Cerebral Palsy

What is cerebral palsy?


Cerebral palsy is the result of a brain lesion that takes place before birth, during birth, or during the first two years of life. Its manifestations include motor difficulties (posture and body movement) and/or cognitive disorders.



What are the clinical signs?


As we already specified, clinical signs tend to appear as motor and cognitive disorders, but may also include other associated disorders.

  • Motor disorders:
Motor disorders are usually apparent during the first years of a child’s life and include:
    • Loss of muscle control due to spasticity (muscle tension) at the level of the affected muscles. These include the muscles of the lower limbs, the upper limbs, hemiplegia (arm and leg on one side of the body), diplegia (both lower limbs), quadriplegia (all four limbs) or only one limb.
    • Abnormal movements known as “dyskinesia” which include contractions, trembling, and uncoordinated and uncontrolled voluntary movements. As a result of these muscular disorders, we also observe a loss of balance, ocular disorders such as strabismus, dysphagia, drooling and incomprehensible speech.
  • Cognitive disorders:
Cognitive disorders are global and varied disorders of intellectual functioning. Its manifestations usually begin as spoken language disorders. Later, more specific disorders, such as during schooling, may appear:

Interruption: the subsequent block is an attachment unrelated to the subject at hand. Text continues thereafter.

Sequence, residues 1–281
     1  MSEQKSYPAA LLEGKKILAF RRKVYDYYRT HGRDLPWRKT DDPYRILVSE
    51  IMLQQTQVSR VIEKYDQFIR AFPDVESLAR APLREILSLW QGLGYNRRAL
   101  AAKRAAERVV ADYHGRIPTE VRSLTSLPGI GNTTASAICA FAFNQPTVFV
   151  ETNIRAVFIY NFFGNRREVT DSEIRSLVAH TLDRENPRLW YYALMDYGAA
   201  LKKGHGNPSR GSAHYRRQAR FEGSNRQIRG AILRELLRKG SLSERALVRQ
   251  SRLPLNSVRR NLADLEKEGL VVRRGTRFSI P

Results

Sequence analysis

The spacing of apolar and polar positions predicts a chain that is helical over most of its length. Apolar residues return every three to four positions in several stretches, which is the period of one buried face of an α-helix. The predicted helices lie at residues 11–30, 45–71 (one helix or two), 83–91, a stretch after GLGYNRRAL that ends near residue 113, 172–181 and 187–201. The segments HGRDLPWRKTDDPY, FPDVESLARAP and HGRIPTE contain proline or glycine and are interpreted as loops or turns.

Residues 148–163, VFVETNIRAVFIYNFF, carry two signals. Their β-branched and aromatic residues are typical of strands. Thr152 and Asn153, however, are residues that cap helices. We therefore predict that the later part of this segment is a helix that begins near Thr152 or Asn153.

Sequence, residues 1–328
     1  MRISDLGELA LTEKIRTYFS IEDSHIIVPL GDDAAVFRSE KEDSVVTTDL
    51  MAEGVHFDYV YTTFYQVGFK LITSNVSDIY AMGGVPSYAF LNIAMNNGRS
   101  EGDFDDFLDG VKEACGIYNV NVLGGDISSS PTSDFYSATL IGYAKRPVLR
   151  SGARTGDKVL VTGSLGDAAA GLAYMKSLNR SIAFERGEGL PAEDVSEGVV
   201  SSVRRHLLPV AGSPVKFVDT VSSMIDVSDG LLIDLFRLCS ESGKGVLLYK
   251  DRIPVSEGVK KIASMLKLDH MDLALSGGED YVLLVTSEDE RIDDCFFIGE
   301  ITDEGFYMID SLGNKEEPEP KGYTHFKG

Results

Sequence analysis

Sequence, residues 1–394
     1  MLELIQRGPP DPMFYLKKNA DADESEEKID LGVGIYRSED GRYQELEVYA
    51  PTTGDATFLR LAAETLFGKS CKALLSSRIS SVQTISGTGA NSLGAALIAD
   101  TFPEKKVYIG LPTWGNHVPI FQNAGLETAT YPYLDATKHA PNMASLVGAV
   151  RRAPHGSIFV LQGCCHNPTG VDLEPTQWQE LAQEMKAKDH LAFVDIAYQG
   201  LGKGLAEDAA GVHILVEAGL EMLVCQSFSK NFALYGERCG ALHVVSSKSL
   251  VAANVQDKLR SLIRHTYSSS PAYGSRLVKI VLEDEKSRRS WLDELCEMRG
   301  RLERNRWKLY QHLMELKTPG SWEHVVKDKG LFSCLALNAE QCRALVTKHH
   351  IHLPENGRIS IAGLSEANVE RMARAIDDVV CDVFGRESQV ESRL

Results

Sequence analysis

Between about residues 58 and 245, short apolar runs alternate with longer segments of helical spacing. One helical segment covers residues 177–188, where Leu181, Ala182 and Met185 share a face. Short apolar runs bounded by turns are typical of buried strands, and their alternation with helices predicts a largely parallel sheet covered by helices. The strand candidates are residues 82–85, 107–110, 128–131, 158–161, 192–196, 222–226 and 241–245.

• Memory and attention disorders which may lead to difficulties in learning how to read, how to transcribe, and in mathematical reasoning.
    • Difficulties in learning how to write may also be present and are usually compounded by the presence of motor disabilities.
  • Associated disorders:
The cerebral lesion may also lead to other associated disorders, including:
    • Respiratory and digestive issues.
    • Sensory disorders, such as hearing loss and impairments of visual function.
    • Neurosensory disorders which lead to an inability to recognize sounds, objects and odors even if they are able to hear, see and touch them.


Nevertheless, it must be noted that children with cerebral palsy are not similar. Forms of cerebral palsy may differ and may range from mild to more severe forms with multiple handicaps and which usually include both motor and intellectual disabilities simultaneously, thereby severely limiting the child’s autonomy and communication capabilities.


How to act?

Each disorder previously mentioned may present itself in isolation or associated with others. This entails the need for a multidisciplinary approach to the care of these children. As a result, motor and cognitive reeducation is undertaken by:

  • Physical therapists.
  • Occupational therapists (education of autonomy during everyday life, handwriting, use of technical aids, computers, etc.).
  • Speech therapists (rehabilitation of swallowing, speech, spoken language, reading, writing, cognitive disorders such as memory and attention, etc.).
  • Psychomotor therapists (space-time coordination, body image and its position in space, relaxation, etc.).
  • Orthoptists (eye muscle and movement rehabilitation).

Children with cerebral palsy require specific care that is undertaken by multidisciplinary team of specialists. This leads to tight collaboration, not only between the caretakers, but also with parents and teachers. This allows for a targeted and optimum treatment plan allowing for children with cerebral palsy to become autonomic in their daily lives, whether it be during social interactions with their entourage, during schooling, or during activities of daily living.